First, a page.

HAM, cheese and milk came up, as it were, at Prime Minister’s Question Time yesterday.

They were chewing the fat about what Keir Starmer called “the latest free school meals scandal”. This was a reference to food parcels that wouldn’t feed a hamster on a New Year diet. Surprisingly, these had been provided by private enterprise.

The Labour leader said that, despite supposedly being worth £30, these had been costed at £5. He asked the Prime Minister: “Would he be happy with his kids living on that?”

Mr Johnson said the images on social media were “disgraceful”, “appalling”, “an insult”, adding: “And I am grateful to [footballer] Marcus Rashford, by the way, who highlighted the issue and who is doing quite an effective job by comparison to the Right Honourable Gentleman in holding the Government to account on these issues.”

Wisely, Starmer did not respond: “Yes, and I’d be a much better striker for Man United.” Instead he said: “It shouldn’t have taken social media to shame the Prime Minister into action.” Good old social media. Great sense of responsibility.

Mr Starmer then proceeded to regurgitate a list, which he said was official Government guidance on what should feed one child for five days: “One loaf of bread, two baked potatoes, block of cheese, baked beans, three individual yoghurts. Sound familiar? That’s the images, Prime Minister, you just called disgraceful.”

The only extras, he added, were “a tin of sweetcorn, a packet of ham and a bottle of milk”.

Mr Johnson is famously fond of his vittles, so it’s tempting to think he got a Homer Simpson-style image in his head and licked his lips as he thought: “Packet of ham. Mmmm.”

There was more food on the menu (or not, as it turned out) when SNP Westminster leader Ian Blackford told of a Lochaber shellfish exporter in his constituency who had lost £40,000 of produce when his lorry was delayed by “Brexit red tape”.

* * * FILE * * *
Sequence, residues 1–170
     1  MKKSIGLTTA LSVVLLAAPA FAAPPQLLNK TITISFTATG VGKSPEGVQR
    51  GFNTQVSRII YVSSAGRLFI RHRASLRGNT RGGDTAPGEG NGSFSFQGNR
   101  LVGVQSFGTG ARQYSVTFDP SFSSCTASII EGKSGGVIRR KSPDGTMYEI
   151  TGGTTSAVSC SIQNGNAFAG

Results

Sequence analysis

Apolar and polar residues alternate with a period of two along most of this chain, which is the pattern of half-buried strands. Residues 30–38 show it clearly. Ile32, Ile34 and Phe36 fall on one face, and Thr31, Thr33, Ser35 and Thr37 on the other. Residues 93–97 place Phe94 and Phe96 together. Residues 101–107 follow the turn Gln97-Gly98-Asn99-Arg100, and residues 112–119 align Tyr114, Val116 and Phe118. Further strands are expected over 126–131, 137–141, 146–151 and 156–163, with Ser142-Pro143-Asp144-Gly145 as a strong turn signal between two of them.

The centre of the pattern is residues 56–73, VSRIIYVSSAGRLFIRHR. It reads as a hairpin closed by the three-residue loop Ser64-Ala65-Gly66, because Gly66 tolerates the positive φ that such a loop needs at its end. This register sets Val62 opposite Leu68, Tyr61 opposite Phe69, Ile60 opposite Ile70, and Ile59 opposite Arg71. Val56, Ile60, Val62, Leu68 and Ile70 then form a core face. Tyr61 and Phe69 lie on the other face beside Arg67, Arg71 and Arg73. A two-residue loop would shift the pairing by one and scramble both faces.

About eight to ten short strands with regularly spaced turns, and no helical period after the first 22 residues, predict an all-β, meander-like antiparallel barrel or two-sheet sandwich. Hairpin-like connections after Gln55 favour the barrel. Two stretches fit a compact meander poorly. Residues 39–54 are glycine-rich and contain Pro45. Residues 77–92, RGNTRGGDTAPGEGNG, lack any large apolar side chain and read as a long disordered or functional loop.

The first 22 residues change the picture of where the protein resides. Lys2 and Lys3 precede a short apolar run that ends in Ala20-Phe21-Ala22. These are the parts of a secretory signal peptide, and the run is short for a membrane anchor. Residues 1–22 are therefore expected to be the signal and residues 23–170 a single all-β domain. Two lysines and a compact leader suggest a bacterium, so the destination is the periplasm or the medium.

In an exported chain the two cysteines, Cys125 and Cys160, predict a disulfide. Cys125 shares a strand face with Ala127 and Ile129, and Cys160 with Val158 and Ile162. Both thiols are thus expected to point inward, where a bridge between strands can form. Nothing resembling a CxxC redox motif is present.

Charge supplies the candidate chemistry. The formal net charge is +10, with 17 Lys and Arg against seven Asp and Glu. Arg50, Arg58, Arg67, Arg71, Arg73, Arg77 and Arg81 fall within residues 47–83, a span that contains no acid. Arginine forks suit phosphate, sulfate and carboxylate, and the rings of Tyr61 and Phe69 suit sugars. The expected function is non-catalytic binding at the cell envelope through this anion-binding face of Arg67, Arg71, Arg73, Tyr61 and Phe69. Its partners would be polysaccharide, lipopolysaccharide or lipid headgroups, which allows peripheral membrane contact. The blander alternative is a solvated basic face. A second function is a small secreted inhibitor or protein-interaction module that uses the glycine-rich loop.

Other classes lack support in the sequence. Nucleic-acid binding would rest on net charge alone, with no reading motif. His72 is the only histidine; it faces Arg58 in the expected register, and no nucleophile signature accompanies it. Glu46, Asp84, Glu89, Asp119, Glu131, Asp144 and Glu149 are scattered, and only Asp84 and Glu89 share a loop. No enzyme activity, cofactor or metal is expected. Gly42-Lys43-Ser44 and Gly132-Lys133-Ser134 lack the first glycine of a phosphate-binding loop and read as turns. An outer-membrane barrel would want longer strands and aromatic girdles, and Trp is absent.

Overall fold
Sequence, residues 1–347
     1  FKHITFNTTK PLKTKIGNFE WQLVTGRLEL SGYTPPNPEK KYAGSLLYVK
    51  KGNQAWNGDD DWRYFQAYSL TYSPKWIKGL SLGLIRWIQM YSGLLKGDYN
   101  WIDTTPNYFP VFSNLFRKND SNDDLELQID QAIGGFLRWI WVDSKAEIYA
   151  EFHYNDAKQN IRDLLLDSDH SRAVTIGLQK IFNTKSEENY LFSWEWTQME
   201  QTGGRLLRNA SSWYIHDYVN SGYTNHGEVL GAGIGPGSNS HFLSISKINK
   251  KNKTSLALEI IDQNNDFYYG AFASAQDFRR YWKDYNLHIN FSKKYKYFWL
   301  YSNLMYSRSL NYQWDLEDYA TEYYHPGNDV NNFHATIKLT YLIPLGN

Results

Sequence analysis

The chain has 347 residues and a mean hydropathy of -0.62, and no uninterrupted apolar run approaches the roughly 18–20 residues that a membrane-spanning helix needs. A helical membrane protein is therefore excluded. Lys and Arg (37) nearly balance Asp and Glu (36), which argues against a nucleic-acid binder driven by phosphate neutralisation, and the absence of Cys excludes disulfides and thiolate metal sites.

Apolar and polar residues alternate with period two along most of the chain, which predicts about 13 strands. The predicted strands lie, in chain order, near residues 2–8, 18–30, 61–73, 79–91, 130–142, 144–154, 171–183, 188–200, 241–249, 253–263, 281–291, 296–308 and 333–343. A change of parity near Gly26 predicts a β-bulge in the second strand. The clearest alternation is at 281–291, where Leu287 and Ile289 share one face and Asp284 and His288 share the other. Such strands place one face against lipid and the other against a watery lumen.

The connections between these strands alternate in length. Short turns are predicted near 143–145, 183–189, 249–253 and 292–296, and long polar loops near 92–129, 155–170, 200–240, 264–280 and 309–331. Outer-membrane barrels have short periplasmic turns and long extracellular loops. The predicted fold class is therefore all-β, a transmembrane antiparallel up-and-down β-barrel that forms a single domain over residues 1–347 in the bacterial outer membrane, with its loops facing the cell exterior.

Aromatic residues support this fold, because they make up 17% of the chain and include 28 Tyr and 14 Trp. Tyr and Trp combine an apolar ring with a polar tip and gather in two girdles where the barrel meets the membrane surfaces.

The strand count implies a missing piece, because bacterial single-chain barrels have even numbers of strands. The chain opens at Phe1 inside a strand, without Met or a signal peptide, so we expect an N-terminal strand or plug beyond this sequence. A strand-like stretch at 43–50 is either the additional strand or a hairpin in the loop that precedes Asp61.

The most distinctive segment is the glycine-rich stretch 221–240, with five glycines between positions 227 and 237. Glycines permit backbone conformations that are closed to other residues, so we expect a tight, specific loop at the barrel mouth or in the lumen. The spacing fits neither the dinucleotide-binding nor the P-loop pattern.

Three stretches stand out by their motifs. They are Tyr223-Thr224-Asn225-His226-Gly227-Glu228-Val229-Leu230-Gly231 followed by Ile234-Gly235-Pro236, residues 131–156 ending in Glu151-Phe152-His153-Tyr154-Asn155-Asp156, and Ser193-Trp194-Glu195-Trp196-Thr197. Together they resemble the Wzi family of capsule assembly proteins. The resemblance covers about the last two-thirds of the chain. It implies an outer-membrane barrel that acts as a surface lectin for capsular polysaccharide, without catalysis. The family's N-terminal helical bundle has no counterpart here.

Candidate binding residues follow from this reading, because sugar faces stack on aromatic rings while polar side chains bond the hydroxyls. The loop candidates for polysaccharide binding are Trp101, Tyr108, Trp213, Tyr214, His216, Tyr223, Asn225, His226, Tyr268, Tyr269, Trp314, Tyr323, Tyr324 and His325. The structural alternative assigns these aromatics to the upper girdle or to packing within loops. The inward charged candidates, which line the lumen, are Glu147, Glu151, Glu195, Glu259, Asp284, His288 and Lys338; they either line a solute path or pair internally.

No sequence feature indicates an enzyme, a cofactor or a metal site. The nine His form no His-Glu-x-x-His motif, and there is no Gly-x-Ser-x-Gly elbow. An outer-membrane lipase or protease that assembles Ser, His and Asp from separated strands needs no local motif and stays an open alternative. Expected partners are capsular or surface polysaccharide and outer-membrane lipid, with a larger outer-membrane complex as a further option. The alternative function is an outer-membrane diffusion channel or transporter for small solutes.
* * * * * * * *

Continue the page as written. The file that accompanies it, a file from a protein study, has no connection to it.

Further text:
Faced with the choice of addressing this matter or childishly referring again to the “Scottish Nationalist Party”, Mr Johnson chose the latter, prompting Mr Blackford to rejoin: “I am amazed that the Prime Minister continues to traduce the name of the Scottish National Party.” It would have been good if Mr Blackford had checked his notes before saying the name, or even better if he’d joined in the childish spirit of things and referred to the “English Conservatory Party”.

And don’t think the childishness stopped there, readers. Mr Johnson told the House: “As far as I understand it (spoiler alert: he doesn’t), they’re already spending money in Scotland on what they call Indyref 2 when they should be getting on with fighting the pandemic.”

And he ended on this bombshell note: “I’m told by the way, Mr Speaker, that he (Mr Blackford) can’t bring himself to say the Oxford-AstraZeneca vaccine. Perhaps he could just say that he likes the Oxford-AstraZeneca vaccine.”

Presumably, the implication here was that Oxford was English and, therefore, evil to the Scottish nationalists, a view that is bizarrely out of touch. If you’ve ever met any Scottish nationalists, they almost faint if you mention the E-word and, if forced to address the elephant in the isles, will only say that they love England more than their own mother.

Mr Johnson’s mind, meanwhile, had moved on, as indeed had lunchtime. He wondered if he could get his hands on one of those food parcels. Ham, a block of cheese, baked potatoes, loaf of bread, beans, three yoghurts, sweetcorn, all washed down with a bottle of milk. What a splendid lunch that would make.